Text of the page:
Osmotic stress resulting from exposure to high concentrations of cryoprotectants in vitrification solutions could cause oocytes to undergo dramatic volume changes during warming. In this regard, one of the most important factors affecting cell survival during dilution is excessive cell swelling. Water moves through the cell membrane more rapidly than cryoprotectants, and because of the high concentration of cryoprotectants remaining in the cell, swelling occurs. Oocytes have biological limits in their tolerance to the osmotic stress associated with high concentrations of cryoprotectants . Volume fluctuations can affect the integrity of the plasma membrane as well as the cytoskeletal organization of oocytes . During this process, oocytes are rehydrated while cryoprotectants and water are exchanged due to their gradients across the cell membrane . For this reason, sucrose is commonly used in warming solution to counterbalance the osmotic shock during conventional freezing  and vitrification . Although these experiments were not designed to determine the benefits of sucrose in the warming solution, there was no evidence for any adverse effects.
Bovine oocytes at different nuclear stages (germinal vesicle, metaphase I and metaphase II) have been cryopreserved successfully, using both slow freezing or vitrification methods. Mature oocytes have meiotic spindles that are extremely sensitive to cryoprotectant additives and cooling rates which result in tubulin depolymerization [11, 41, 42]. Therefore, immature oocytes (GV stage) enclosed in cumulus cells (COCs) were used in the current study. The role of cumulus cells during oocyte cryopreservation is still not clear. Cumulus cells provide a rigid structure to oocytes and thus protect them against osmotic shock during cryopreservation . It has been reported that the survival, cleavage and blastocyst production rates of bovine oocytes were higher when vitrified with enclosed cumulus cells than partially denuded COCs , as cumulus cells support the oocyte during in vitro maturation and fertilization .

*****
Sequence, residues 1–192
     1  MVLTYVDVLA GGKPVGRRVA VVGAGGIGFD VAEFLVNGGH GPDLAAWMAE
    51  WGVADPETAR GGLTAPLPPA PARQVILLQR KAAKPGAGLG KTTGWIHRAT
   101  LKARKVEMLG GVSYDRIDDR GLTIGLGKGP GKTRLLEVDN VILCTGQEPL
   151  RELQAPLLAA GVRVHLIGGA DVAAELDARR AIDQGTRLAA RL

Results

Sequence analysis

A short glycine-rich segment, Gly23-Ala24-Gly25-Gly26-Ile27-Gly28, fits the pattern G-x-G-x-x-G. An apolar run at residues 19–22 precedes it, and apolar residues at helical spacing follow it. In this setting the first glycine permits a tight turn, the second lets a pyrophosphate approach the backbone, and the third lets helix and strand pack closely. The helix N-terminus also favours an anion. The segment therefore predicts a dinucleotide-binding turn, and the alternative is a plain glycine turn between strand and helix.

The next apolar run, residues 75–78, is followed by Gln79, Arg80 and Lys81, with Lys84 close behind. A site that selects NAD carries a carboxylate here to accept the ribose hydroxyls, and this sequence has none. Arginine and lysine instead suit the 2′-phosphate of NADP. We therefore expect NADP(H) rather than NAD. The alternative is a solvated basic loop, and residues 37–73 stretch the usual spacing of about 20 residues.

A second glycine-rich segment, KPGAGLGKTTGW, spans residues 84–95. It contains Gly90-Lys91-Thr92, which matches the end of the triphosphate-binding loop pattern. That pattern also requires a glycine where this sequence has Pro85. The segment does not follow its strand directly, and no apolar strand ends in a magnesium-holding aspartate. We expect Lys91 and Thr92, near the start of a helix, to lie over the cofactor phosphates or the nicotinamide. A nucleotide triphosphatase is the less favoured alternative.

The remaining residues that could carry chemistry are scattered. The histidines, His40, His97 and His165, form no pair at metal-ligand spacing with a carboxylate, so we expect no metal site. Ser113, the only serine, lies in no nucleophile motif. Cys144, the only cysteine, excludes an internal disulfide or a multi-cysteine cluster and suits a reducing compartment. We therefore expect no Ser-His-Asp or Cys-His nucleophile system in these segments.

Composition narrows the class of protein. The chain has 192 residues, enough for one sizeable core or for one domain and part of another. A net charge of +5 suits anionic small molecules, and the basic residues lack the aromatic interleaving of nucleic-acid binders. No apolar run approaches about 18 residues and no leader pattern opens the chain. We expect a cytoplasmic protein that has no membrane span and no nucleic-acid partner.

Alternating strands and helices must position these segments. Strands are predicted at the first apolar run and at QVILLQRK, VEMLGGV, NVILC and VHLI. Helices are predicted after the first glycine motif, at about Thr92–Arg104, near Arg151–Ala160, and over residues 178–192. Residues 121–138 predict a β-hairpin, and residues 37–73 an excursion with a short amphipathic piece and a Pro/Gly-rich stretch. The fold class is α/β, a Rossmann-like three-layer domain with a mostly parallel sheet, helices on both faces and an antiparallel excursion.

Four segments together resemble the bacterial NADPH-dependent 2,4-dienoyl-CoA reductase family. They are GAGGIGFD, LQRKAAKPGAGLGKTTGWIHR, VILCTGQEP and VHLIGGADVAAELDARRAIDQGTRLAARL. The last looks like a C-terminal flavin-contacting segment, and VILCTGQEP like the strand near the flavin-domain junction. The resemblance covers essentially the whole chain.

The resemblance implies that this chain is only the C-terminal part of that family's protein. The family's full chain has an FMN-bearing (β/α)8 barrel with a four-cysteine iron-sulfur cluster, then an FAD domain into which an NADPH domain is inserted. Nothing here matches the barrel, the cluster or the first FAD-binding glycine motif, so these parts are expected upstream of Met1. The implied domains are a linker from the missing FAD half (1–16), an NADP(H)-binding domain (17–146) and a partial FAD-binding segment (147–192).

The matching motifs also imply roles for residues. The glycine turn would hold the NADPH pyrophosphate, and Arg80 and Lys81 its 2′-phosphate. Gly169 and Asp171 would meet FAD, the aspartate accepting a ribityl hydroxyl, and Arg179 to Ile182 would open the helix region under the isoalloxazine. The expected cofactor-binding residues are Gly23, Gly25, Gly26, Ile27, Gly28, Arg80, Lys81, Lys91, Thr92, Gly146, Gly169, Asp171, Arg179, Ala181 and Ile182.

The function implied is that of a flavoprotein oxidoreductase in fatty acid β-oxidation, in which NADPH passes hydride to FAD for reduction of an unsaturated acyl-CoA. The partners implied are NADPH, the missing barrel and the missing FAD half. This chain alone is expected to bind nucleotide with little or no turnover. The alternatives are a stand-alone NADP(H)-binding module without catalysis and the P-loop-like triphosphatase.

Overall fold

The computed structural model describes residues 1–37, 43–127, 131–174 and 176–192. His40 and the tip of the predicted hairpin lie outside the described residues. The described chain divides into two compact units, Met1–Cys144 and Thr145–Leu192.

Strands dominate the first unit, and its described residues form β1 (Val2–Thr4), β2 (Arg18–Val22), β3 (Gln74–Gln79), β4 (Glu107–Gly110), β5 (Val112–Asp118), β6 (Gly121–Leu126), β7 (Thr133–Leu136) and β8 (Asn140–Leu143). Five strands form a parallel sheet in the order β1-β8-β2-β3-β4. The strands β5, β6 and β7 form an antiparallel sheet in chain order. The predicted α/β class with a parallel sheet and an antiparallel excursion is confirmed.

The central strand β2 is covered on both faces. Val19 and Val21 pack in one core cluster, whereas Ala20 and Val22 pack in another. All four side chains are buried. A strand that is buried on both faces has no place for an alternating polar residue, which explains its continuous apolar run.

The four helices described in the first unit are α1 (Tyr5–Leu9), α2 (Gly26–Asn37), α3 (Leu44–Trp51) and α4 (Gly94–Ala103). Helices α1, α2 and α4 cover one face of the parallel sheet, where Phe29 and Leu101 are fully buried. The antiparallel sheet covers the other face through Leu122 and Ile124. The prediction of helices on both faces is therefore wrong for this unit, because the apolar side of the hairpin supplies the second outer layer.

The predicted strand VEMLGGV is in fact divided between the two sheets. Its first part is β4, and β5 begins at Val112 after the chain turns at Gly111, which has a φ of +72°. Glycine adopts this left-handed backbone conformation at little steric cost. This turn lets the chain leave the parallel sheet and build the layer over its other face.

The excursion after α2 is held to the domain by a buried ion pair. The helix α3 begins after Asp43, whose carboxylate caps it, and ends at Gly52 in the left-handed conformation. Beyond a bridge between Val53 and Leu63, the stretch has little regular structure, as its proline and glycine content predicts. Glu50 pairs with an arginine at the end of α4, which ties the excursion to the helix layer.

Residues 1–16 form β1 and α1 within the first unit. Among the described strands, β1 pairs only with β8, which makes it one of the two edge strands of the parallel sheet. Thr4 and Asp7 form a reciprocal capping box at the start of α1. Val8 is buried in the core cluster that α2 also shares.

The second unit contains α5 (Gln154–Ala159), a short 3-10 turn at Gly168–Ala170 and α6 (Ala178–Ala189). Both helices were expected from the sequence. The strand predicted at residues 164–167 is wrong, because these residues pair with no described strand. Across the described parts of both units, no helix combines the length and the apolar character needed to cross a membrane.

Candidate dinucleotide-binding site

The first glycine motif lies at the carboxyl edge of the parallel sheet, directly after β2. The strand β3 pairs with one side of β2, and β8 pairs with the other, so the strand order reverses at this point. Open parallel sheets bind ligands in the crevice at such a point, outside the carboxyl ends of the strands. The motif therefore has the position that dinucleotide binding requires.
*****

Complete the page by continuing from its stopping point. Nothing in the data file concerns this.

Cryopreservation of oocytes has been reported to result in several ultrastructural and morphological alterations including damage to the cell membrane and ooplasm, and abnormal distribution of chromosomes, microtubules and actin microfilaments [45–47]. Additionally, damage to gap junction integrity can result in disruption of the communication between cumulus cells and oocytes [11, 48]. These morphological changes have been linked to a failure in fertilization and embryo development [48, 49]. Consequently, the disruptions in protein synthesis, and the failure of cumulus cell expansion and further meiotic development may also be responsible for the failure of cleavage and subsequent embryo development following vitrification .
In a recent study, only 23% of vitrified COCs (GV stage) reached the MII stage following IVM as compared to 84% in nonvitrified control COCs . In another study using similar vitrification conditions (15% EG and DMSO in VS2, 45–60 sec exposure time and cryotop as a loading device), cleavage and blastocyst production rates were somewhat higher than in the present study, but still low . It is noteworthy that in the present study, cleavage and blastocyst rates were based on the original number of oocytes (COCs) that were vitrified. Thus, data have been presented and interpreted very conservatively. Based on these results and published literature, we must conclude that the optimum vitrification procedure for GV stage oocytes has yet not been developed.